Enjoying a sufficient magnesium intake can bring tangible health benefits, as well as help with symptoms of a magnesium deficiency. At times this is not sufficient, and physicians may recommend continuing the consumption of diets that have adequate magnesium.
Preventing Muscular Cramps
Endurance athletes (and anyone else performing the strenuous physical activity) can potentially benefit from taking in magnesium to prevent painful and debilitating cramps. Magnesium assists with the recovery of muscle cells after a workout.
For the most part, athletic cramps are merely a temporary, albeit very undesirable, symptom that hinders training and competition. In rare cases, sudden loss of muscular control and concentration can lead to serious injury or death.
Reduce the Chances of a Stroke
For people over 40, also people who are more vulnerable to becoming stressed, magnesium can help prevent a stroke from occurring. Studies have found that a dose of only 100 mg of magnesium reduced the likelihood of suffering a stroke by approximately eight percent. It can also reduce the formation of diabetes, and hypertension, specifically systolic blood pressure, a risk factor that is connected with a stroke.
Improve Pre-diabetic Symptoms
Research on magnesium intake versus the development of metabolic syndrome and diabetes has revealed a connection between each one. Taking magnesium supplements improves symptoms and pre-diabetic status.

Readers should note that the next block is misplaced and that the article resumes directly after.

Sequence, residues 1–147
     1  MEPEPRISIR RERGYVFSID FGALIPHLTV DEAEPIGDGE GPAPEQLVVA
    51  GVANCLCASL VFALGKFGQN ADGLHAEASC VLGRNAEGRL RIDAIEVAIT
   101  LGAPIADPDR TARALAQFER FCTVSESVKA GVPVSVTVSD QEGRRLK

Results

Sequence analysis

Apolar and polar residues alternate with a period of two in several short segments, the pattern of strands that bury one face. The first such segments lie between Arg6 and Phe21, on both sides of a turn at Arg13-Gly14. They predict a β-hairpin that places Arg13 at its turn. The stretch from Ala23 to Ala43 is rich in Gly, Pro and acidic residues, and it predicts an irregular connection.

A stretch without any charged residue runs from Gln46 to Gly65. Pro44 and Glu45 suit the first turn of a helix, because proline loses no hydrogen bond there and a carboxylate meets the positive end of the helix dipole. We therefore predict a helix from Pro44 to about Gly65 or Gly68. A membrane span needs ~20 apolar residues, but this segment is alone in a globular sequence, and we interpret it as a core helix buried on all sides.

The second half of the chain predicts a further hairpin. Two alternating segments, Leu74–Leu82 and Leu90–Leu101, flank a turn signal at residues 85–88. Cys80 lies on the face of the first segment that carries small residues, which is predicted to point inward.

Preventing Severe Migraines
Up to 20% of the human population routinely suffers from some type of migraine or headache. Recently, many neurologists and international pain experts have believed that magnesium supplements can be used as a way to relieve episodes of migraine headaches that can cause disturbances in vision or speech.
A Westerner who consumes more than the recommended calorie intake typically does not consume enough magnesium to hold optimal health. A standard adult consumes in the range of 200 to 300 mg of magnesium every day. A 40-year-old male who is only consuming 200 mg of magnesium consumes half his recommended daily amount.